Support our mission
 
In the back of the simple compact bar in a Roppongi basement, shooters can select targets, cans or small discs to blast away in a small enclosed shooting alley at Hollow Point.
In the back of the simple compact bar in a Roppongi basement, shooters can select targets, cans or small discs to blast away in a small enclosed shooting alley at Hollow Point. (Juliana Gittler / S&S)

TOKYO — It’s pretty much a dream come true.

Beer, not too badly priced for Roppongi. Rockin’ ’70s and ’80s music.

And guns.

That’s right. A childhood passion for toy models gave Yoshihisa Takahashi the idea for a new Roppongi bar about six years ago. To stand out from the legions of other bars in the area, he thought man’s fascination with guns, and especially the kinds that go “pop,” would be a nice niche.

He was right. Hollow Point attracts all kinds of people. Men, who make up most of the patrons, come for the toys, Takahashi thinks. It’s the women who show up to blow off steam.

It’s probably worth noting that laws in Japan mean there aren’t actually metal slugs in the chambers. You shoot air guns with small plastic pellets. It still offers some of the realism — the adrenaline, the quick pops, the bragging rights after tearing the heart and guts from the paper target, which you get to keep.

The bar has a cover charge of 500 yen (about $4.50) and you can’t just come in to shoot. You have to buy at least a drink, but at 650 yen ($5.75) for a draft beer, it’s not too pricey by Tokyo standards.

The bar itself is pretty cool. There’s a large screen on the wall that alternates between movies with lots of guns and rock videos from the days when MTV played videos.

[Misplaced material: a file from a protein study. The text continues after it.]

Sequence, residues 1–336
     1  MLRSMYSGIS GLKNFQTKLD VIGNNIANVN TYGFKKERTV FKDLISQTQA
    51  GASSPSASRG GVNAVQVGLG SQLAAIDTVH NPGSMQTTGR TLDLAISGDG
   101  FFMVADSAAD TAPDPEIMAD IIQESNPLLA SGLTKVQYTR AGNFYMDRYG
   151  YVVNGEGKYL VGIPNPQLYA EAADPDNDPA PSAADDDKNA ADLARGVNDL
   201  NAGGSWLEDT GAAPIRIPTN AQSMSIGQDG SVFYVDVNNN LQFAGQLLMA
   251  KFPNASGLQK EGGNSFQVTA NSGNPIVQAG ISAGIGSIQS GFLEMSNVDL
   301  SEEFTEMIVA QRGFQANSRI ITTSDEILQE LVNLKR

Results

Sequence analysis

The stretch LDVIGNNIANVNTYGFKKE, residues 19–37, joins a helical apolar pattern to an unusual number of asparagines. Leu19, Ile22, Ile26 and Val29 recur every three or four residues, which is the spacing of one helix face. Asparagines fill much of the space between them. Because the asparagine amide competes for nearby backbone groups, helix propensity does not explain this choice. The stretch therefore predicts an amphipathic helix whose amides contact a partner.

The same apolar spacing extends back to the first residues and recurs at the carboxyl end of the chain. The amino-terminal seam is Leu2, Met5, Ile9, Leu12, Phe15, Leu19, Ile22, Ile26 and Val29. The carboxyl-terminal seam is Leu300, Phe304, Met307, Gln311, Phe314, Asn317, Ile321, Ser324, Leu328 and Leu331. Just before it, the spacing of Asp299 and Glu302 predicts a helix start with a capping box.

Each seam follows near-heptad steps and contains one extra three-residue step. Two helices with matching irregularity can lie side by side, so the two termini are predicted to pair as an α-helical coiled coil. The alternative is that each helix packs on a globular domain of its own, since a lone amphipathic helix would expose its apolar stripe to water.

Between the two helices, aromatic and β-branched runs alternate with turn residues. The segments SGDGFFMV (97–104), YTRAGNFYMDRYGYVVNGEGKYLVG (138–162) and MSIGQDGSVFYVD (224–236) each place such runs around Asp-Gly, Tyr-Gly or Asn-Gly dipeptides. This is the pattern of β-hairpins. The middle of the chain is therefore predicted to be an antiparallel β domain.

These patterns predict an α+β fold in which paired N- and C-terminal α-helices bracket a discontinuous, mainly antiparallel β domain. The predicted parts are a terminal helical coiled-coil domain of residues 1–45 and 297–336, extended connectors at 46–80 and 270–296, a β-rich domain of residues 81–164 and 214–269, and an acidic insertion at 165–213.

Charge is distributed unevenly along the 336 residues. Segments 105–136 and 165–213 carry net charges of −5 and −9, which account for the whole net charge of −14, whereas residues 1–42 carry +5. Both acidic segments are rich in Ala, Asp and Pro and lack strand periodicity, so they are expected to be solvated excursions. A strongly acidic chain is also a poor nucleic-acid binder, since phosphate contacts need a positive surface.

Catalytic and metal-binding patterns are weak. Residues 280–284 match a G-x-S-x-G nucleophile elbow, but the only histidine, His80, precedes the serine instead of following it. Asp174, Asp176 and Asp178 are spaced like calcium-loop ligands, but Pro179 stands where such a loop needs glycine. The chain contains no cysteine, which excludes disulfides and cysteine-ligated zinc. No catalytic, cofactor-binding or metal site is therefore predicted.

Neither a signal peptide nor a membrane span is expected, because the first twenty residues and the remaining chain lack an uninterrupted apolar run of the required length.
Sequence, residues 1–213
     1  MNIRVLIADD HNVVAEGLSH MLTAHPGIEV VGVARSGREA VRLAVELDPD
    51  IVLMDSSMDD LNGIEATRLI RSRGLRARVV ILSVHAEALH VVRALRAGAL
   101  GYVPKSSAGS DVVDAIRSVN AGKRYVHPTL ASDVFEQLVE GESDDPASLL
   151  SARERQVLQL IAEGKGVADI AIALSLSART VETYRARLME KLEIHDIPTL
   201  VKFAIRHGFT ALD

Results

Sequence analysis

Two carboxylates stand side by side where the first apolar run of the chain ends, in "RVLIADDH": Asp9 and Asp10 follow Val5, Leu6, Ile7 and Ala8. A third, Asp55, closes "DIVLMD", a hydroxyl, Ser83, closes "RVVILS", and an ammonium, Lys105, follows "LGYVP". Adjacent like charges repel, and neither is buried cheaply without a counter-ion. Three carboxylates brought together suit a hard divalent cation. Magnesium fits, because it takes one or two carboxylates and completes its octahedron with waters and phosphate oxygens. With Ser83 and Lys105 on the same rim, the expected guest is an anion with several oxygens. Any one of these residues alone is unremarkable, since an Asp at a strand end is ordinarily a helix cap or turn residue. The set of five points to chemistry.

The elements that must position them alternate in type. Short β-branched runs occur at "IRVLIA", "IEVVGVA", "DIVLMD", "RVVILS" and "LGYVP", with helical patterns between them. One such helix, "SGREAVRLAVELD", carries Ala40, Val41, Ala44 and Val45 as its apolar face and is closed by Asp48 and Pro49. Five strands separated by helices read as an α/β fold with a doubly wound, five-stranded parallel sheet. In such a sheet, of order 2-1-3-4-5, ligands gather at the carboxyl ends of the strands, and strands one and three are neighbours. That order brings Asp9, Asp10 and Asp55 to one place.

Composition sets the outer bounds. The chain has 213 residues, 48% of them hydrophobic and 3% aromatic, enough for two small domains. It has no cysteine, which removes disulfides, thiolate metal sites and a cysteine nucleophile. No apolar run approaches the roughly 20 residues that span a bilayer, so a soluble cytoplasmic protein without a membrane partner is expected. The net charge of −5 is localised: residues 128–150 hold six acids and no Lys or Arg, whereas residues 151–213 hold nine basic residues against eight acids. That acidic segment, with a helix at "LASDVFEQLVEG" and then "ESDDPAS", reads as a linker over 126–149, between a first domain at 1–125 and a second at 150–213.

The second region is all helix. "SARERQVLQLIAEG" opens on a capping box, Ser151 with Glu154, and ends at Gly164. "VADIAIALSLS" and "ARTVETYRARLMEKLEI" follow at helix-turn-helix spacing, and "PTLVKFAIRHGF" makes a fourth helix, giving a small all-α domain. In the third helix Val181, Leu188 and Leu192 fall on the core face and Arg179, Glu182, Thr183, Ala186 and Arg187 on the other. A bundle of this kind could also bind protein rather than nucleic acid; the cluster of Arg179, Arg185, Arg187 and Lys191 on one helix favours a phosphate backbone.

But it’s the guns that people come to see.

In the back of the bar, an enclosed shooting range about 15 feet long gives the trigger-happy the choice of a human-shaped target, cans or small discs to shoot at.

At the bar, choose your weapon. There are about three categories — guns cost 100, 300 or 500 yen for a magazine, which ranges from a dozen shots to about 40 depending on the weapon.

Small guns include the classic James Bond PPK Walther. There’s the submachine gun used by Japanese police units (MP5J), a Glock 26 and a Beretta M92F.

Others come from famous movies including “Robocop,” “Terminator II,” “Rambo” and “Biohazard.”

The most popular gun is the heavy Desert Eagle, which has the strongest recoil and was fashionably hoisted by Trinity in the movie “The Matrix,” Takahashi said.

In the six years the place has been shootout heaven, no one’s been injured, Takahashi said. Because the guns use air to function, they are tethered by their air tubes, so a customer can’t take off shooting across the room.

As always, if you drink, do so responsibly. Don’t drink and drive.

Hollow Point

In the Roppongi area of Tokyo, Japan

Hours: Monday through Thursday and Saturday, 6 p.m.-1 a.m., and Friday from 6 p.m. to 5 a.m. Closed Sundays and holidays.

Drink prices: 650 yen and up

Cover: 500 yen

Food: Light snacks

Entertainment: Shooting air guns

Clientele: Mostly businessmen

Address: Rokuwa Bldg., B1, 5-1-4 Roppongi (on Gaien-Higashi Dori between U. Goto Florist and Excelsior Café, across from TGI Friday’s)

Phone: (03) 5411-3123

Web site:www.hollowpoint-jp.com (Japanese only)

Migrated

stars and stripes videos


around the web


Sign Up for Daily Headlines

Sign-up to receive a daily email of today’s top military news stories from Stars and Stripes and top news outlets from around the world.

Sign up